And it was so tasty! This was more than enough dressing for two salads, in case anyone is keeping track.

Wednesday, February 19, 2014

Bärar fru, anyone?

Swedish class is good for so much more than just learning language. Yesterday Greg learned about the Finnish wife-carrying competition. Let me just say that I feel that this is one of the few athletic competitions that I would be good at (probably because it is the only one where having an athletic husband is all it takes).

Apparently there is a 250 meter track, and the record time is just over a minute. The track also includes a few obstacles, like a water pit and some hurdle-type barricades. And the man just carries his wife on his back and goes as fast as he can. In the photos the wives are usually wearing helmets, which is a little disconcerting, but probably not a bad precautionary measure. That might also be the result of the whole, upside-down, over-the-shoulder carrying technique, which I'm still not totally convinced would work out for me and Greg. I think I might be too long for that. My head would get whacked on all the barricades.

So anyhow. This morning I tried to convince Greg he needed some practice by giving me a piggy-back ride for part of the way to work. Unfortunately, he didn't take the bait, so I had to walk. Maybe tomorrow…

Monday, February 10, 2014

Thinking about food

For the past few days I have spent a lot of time thinking about food. The foods I typically eat had been getting really monotonous, and that along with many other small factors, led me to start making some changes.

For example, every day for lunch I eat a sandwich. It is completely boring, and I don't do it because I just love boring sandwiches so much. That was my lunch because it was fast and didn't require further thought than: do we have bread? cheese? mustard? maybe some lunch meat? Perfect.

Most of the meals and foods I eat (had been eating) were chosen for ease and simplicity, which I think is the completely wrong way to choose foods. Obviously I'm eating enough food to survive and have energy to do normal things. However, I think there has been a big lack of proper nourishment.

This weekend I made a plan to cook some delicious foods, filled with variety and nutrients. In general, my plan is to eat fewer grains, and to make sure that the grains I do eat are varied. Somehow, despite knowing that the food pyramid I grew up with is no longer the current food pyramid, grains were still the largest percentage of foods I ate. Cheap and filling has a lot of sway with me.

My biggest obstacle is finding the time to cook proper food. Normally I don't feel enough dedication to take the time to plan and prepare extra foods in advance. Hopefully this time I can stay dedicated. I think I can at least last for one week, since I have food to last through Tuesday lunch, and then I'll have time to cook on Tuesday evening.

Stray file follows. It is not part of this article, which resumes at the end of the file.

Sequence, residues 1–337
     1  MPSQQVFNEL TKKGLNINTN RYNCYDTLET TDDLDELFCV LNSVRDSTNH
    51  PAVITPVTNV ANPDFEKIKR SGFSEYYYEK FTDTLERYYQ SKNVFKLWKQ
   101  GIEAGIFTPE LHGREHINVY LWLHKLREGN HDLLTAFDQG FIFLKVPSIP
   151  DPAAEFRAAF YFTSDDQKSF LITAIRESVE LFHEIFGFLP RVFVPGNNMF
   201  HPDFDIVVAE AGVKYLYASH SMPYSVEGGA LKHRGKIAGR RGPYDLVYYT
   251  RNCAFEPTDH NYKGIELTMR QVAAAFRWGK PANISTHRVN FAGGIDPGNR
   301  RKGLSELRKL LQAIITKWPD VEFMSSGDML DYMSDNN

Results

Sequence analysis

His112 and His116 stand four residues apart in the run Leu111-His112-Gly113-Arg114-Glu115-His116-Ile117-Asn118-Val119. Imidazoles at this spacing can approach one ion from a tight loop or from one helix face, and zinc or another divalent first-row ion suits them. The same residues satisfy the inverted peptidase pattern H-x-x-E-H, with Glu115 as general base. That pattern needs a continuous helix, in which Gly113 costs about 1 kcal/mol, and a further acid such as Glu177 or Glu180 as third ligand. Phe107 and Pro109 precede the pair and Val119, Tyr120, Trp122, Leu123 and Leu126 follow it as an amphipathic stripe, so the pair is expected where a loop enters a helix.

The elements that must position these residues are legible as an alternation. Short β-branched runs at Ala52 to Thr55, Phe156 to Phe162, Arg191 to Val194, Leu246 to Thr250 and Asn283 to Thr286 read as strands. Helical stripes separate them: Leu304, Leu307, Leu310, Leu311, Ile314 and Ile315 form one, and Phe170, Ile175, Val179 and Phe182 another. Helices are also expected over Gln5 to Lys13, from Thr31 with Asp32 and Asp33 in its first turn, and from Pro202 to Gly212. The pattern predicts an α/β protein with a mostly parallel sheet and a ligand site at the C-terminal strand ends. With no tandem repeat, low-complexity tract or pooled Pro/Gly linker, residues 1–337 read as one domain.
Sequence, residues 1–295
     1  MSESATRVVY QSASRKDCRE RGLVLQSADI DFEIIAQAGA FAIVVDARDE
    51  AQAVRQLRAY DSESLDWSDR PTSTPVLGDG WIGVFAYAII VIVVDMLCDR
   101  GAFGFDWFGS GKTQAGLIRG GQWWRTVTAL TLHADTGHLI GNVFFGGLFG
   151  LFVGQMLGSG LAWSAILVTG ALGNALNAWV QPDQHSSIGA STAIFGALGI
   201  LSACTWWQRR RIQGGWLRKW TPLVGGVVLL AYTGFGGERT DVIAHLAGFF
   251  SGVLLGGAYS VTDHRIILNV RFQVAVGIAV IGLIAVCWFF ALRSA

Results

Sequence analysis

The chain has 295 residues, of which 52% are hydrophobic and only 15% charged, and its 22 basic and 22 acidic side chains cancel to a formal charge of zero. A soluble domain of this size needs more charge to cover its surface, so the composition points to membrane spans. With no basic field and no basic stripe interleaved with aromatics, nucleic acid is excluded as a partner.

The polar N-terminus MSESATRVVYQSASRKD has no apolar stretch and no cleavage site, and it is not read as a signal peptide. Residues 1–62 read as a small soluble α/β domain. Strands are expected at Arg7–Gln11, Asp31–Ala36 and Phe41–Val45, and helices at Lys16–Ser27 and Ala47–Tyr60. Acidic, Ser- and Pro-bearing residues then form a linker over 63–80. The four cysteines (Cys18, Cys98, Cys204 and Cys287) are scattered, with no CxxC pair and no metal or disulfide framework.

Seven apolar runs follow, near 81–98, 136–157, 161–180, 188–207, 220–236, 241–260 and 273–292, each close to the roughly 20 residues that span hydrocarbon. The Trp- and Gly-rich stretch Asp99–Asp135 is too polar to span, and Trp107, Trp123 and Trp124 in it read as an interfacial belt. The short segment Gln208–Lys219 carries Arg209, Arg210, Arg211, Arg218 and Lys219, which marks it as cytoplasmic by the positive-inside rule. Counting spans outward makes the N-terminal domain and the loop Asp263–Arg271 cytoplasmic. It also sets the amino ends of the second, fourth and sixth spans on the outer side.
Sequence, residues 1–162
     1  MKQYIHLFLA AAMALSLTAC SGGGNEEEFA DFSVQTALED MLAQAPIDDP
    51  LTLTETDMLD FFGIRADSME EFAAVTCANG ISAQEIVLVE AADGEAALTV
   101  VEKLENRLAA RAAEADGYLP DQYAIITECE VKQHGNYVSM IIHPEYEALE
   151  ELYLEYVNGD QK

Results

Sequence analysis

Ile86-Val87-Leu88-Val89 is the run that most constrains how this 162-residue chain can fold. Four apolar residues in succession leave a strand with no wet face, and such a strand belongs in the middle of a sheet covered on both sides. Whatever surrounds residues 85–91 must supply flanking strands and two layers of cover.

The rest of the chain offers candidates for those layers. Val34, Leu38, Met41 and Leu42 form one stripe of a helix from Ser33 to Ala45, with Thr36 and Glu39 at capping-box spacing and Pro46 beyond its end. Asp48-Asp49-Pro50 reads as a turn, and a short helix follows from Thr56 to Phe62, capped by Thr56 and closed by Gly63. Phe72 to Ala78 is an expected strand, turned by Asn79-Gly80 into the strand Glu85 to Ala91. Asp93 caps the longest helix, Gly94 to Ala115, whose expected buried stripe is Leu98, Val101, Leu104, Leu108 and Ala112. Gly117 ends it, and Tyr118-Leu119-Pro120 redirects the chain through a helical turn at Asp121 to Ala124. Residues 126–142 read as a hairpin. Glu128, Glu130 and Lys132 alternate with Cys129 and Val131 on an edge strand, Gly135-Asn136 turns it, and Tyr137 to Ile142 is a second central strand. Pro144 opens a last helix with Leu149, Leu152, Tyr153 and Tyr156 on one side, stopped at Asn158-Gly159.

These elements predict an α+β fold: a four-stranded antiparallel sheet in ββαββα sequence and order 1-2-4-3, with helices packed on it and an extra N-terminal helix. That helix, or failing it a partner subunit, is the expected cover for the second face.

Here are some of the things I cooked this weekend (all of which were completely delicious):

Vegetable Moussaka

A roasted chicken (loosely like this recipe) plus I boiled the carcass for broth

Two recipes from this Moosewood Restaurant's cookbook:
Apple and Celeriac Slaw
Green Beans with garlic and ginger

Cashew Cookie Lara Bars

Saturday, February 8, 2014

The day buffalo sauce came to Sweden

It was a Tuesday morning. We were on our way to the office and I needed to stop in the grocery store to pick up some food for later. We walked in, and there, glimmering before our eyes, was a giant display featuring buffalo flavored items. There was no hesitation in grabbing a bottle of the straight buffalo sauce. We lingered for a few more moments, taking in all the buffalo items to be had, but we had what we needed.


Allow me to get slightly off track with a little story here. My dad and stepmom came to visit in the autumn of 2012, and the items we requested they bring for us that we had not found in Sweden were slippers and Frank's Red Hot. I've seen slippers since then, but for some reason autumn of 2012 produced no slippers for me in Sweden. Well, they delivered, and let me just tell you that we have still not run out of Frank's Red Hot. However! We are now on our last bottle, and it is getting to the end. So pretty much this is the perfect time for Sweden to magically give us buffalo sauce.


I can't say I would have called buffalo sauce Tex-Mex, but that won't stop me from buying this stuff. The American West… Buffalo, NY… it is basically all the same, right?

Of course, I didn't want to be biased in my opinion of this buffalo sauce, so I suggested to Greg that we do some taste testing. The plan was to do two tests. First was the triangle test, where you have three samples, two of one type and one of the other, and you simply have to say which two are the same. This is not always as easy as people assume. For our test we tasted our samples on a piece of cheese.


I set up the test for Greg and not only did he know which two were the same, he also knew that he had two buffalos and one red hot. Greg then set it up for me, and I was able to tell which two were the same, but I could not say which was which. We both agreed that if we had been comparing the new stuff to Frank's Buffalo Sauce that we would not have been able to tell the difference. (This is really impressive, considering we once found a box of mac & cheese here, so we bought it, but could not even finish it because it was really disgusting (and I am not one who is too picky about foods with cheese.))


As for which sauce got our votes as the overall best? I chose Frank's Red Hot and Greg chose the Buffalo Sauce. Although I think we would both rate both sauces very highly. And now it is time for us to head back to that store and buy more before it disappears!